Lilith Dark is one of the toughest and most adorable monster slayers I have ever had the pleasure of meeting. She reminds me of Calvin with a stuffed dinosaur for her Hobbes. Together they act out elaborate and gruesome fantasies and sometimes they are depicted as Lilith sees them and sometimes the artwork shows that the dinosaur is really stuffed after all. But thanks to the longer format these fantasies can be much more elaborate and follow a full adventure cycle. Nothing is what it seems in this world where a cute kitten turns into a monster and a hideous creature ends up being a friend (Spoon, pictured at the left on the cover is actually my favorite character in the comic.) Lilith of course proves her courage while the babysitter proves clueless and a stinger at the end leaves the truth of the events up in the air in classic fantasy adventure fashion. While some elements are reminiscent of other stories the comic as a whole stands out. A treat for those of all ages with a macabre sensibility. Lilith Dark and the Beastie Tree by Charles Dowd: buy it or check it out today!
I bought this book when someone close to me was diagnosed with Addison's Disease. I had some basic knowledge of Addison's because our family dog growing up had it but I was still shocked, saddened, and scared when I heard. As a librarian naturally my first instinct was to research and read everything I could about it. It was easy enough to find medical facts but I wanted to know what to expect from the future--what living with Addison's looks like after the initial crisis passes. This book accomplished just that. Reading the first-hand accounts of 16 very different people not only provided practical advice but helped give me perspective and imagine what the future may now look like. Hearing from people who had lived with Addison's for decades and found ways to keep doing the things they loved was a great comfort and even reading about the struggles turned them into something concrete that could be planned for and overcome instead of an unnamed lurking fear. The quality of the writing style varies greatly from chapter to chapter but every story shared something that I found helpful. I wouldn't recommend this based on literary merit to a casual reader looking for a memoir collection but for those who want to learn more about life with Addison's this is a valuable resource and I'm deeply thankful to Carol McKay for putting it together. Second Chances: True stories of living with Addison's Disease edited by Carol McKay: buy it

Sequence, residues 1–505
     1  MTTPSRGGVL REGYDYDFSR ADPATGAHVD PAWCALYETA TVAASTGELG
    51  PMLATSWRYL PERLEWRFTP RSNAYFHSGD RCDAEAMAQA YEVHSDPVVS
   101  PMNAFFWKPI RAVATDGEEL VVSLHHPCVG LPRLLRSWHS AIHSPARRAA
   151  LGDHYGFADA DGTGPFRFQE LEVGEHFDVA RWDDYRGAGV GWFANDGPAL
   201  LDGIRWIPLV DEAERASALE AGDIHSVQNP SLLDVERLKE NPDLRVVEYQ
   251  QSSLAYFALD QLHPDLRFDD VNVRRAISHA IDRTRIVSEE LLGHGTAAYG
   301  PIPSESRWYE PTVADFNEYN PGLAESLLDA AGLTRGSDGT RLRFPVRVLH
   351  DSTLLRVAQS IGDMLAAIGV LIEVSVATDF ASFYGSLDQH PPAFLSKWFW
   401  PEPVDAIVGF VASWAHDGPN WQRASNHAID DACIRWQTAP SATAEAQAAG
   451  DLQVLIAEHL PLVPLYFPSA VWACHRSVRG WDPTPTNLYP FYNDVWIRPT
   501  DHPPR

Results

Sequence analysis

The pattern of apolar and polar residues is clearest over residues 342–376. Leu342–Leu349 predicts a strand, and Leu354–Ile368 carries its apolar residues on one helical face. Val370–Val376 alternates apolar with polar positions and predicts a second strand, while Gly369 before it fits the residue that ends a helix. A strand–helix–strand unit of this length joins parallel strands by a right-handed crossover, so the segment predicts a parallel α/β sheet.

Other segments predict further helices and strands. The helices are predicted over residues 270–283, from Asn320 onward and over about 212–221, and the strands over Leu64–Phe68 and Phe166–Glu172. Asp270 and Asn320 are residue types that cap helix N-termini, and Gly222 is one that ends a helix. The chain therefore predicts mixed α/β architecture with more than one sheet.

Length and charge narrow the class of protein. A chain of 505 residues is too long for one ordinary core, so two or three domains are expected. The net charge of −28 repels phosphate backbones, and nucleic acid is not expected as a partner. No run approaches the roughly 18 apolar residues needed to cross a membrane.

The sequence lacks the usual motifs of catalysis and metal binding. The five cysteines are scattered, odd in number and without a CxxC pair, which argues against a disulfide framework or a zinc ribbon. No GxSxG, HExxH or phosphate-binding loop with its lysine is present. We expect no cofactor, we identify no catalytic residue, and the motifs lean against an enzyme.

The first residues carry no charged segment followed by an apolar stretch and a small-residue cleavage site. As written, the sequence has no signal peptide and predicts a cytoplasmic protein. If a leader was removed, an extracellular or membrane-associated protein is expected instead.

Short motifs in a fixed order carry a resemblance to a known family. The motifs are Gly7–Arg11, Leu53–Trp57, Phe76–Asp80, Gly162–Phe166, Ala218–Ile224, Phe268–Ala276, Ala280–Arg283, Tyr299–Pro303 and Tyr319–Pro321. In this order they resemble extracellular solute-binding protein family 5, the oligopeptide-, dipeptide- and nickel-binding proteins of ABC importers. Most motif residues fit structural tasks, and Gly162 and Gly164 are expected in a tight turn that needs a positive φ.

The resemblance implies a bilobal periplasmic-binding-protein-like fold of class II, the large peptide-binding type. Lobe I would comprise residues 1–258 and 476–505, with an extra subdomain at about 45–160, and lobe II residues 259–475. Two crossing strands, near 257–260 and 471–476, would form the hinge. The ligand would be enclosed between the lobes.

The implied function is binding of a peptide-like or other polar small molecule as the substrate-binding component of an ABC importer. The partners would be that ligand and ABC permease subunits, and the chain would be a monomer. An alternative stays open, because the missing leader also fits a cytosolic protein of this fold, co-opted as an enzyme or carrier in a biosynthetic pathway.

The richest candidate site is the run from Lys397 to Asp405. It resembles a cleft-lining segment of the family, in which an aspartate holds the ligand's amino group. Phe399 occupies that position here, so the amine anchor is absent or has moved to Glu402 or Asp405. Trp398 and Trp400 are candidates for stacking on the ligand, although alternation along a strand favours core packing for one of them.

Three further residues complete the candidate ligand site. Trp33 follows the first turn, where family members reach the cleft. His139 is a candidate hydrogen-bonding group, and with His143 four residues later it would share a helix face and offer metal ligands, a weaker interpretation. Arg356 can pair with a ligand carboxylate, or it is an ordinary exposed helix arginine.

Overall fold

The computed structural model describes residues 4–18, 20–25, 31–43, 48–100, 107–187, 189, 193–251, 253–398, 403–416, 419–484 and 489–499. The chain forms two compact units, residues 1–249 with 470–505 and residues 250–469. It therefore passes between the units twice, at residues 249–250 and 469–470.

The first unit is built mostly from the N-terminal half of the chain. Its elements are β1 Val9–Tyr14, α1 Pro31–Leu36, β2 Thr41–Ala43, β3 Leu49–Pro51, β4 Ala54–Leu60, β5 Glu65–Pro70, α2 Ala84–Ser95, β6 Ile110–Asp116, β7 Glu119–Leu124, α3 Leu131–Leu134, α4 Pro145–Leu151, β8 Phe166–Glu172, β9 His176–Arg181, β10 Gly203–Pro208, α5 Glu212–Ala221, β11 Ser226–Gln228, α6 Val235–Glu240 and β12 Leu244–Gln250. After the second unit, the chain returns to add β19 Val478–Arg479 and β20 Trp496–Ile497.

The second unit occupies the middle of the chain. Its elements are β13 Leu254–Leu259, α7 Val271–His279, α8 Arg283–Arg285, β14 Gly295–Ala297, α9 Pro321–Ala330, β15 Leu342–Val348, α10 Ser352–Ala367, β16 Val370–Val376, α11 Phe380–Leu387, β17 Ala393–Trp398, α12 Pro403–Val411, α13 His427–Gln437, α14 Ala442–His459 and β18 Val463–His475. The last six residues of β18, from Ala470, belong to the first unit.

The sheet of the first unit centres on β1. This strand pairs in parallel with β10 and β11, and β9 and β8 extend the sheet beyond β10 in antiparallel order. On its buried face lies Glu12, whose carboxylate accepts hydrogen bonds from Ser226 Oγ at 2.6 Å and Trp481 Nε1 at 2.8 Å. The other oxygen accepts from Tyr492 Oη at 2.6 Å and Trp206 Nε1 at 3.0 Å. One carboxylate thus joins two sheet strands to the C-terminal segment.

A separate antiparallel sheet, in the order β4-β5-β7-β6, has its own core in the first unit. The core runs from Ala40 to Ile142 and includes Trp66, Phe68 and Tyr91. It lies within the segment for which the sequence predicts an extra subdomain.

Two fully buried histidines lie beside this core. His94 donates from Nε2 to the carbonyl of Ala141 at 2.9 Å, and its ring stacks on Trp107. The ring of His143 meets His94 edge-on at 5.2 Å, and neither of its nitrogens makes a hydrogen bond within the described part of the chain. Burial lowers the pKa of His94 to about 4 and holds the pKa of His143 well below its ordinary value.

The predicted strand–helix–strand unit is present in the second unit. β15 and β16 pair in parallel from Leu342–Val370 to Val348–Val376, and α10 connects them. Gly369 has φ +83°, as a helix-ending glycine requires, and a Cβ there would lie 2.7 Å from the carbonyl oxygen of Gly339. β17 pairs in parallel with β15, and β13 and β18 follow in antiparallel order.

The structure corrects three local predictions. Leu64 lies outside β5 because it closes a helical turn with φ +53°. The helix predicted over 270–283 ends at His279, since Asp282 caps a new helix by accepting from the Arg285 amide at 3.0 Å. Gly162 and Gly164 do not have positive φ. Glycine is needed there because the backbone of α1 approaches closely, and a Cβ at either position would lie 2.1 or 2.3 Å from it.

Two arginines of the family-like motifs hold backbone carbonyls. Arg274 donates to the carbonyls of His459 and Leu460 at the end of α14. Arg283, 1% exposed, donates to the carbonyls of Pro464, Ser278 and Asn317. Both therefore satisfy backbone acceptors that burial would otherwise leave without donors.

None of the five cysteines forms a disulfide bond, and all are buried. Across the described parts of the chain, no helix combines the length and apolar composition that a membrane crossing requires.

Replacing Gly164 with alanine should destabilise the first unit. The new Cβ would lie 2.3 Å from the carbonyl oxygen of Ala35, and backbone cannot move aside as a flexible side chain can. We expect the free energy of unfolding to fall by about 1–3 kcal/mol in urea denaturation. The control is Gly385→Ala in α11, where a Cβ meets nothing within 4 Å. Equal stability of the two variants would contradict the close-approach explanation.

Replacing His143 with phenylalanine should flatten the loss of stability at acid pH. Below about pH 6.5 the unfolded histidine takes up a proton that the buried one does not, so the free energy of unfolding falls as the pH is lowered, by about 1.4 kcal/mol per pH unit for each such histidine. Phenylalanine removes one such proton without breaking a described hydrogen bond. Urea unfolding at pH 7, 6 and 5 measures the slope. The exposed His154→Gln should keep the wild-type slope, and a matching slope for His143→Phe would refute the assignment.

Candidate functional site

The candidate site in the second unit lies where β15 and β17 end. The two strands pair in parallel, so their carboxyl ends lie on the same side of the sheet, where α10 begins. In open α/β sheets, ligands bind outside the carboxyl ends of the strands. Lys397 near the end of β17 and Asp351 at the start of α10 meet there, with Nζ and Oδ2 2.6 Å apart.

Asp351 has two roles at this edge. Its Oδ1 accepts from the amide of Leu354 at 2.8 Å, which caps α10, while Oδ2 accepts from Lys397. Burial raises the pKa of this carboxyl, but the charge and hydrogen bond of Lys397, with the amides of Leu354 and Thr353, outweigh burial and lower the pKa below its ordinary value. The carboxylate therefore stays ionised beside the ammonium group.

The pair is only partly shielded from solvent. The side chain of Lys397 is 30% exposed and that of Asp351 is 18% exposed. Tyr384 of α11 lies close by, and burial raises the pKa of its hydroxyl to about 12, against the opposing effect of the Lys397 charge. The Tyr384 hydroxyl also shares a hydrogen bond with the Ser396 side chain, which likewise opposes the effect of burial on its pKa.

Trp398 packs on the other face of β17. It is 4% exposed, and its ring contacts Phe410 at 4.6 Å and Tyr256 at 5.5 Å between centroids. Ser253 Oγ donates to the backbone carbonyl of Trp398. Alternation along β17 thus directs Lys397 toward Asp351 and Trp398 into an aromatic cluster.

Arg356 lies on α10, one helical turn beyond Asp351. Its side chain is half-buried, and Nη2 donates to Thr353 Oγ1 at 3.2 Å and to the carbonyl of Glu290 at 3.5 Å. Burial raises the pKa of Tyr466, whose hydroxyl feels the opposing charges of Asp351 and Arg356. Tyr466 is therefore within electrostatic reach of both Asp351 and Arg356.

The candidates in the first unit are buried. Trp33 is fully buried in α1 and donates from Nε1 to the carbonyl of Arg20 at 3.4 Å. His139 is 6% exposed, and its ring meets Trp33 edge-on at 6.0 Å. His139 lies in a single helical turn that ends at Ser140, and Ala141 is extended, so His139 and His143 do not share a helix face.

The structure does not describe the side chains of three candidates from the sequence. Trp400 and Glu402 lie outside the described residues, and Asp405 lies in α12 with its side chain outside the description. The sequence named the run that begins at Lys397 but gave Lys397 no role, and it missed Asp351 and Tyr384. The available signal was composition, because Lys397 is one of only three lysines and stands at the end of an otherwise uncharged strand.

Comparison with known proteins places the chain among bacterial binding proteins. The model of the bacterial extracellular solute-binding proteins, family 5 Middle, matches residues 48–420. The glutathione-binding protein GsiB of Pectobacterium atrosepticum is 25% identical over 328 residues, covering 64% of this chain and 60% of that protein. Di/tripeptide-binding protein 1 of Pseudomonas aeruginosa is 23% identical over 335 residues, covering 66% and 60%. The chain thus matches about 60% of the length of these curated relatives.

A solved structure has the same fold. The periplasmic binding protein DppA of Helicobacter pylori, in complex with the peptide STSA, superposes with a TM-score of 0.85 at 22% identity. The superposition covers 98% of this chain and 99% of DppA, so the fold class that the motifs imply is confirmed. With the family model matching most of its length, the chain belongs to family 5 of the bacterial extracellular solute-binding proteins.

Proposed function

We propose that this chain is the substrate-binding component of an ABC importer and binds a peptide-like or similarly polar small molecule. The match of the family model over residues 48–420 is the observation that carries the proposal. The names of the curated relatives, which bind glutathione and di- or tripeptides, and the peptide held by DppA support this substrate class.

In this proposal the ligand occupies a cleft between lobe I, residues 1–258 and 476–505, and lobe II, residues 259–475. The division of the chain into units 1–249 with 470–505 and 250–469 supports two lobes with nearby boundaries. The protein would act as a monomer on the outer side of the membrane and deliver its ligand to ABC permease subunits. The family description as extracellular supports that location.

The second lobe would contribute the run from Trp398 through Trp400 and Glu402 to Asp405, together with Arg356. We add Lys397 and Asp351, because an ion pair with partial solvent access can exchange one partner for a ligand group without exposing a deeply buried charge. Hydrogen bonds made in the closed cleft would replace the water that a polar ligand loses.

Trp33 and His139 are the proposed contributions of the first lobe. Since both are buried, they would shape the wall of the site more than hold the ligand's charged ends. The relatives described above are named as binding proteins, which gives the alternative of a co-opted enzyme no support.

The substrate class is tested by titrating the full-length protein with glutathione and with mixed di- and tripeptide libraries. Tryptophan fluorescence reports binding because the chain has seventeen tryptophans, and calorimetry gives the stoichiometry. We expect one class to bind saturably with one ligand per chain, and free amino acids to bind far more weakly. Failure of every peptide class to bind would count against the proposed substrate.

I had a few problems with this book. First of all Cas's cockiness did not win me over. He acts like a jerk but he believes his actions are completely justified. Secondly a big deal is made about how Anna is a super powerful ghost and yet she still cowers behind Cas when baddies show up. Apparently even a practically omnipotent supernatural woman needs a mortal man to protect her when things get scary. The mortal female love interest at one point complains to her male companion that everyone has some sort of power to fight the ghosts except her and is comforted not by being reassured that she can fight too but by being told she's "the voice of reason." Cas is sometimes compared to Buffy and unsurprisingly he has a low opinion of the iconic, powerful woman and takes it as an insult even when it's meant as a compliment. Even his mother who is a witch mostly just contributes by washing the special knife and cooking and mixing herbs. It is entirely possible that I am overthinking things but things like this just kept pulling me out of the narrative and prevented me from enjoying it. Anna Dressed in Blood by Kendare Blake: buy it or check it out today!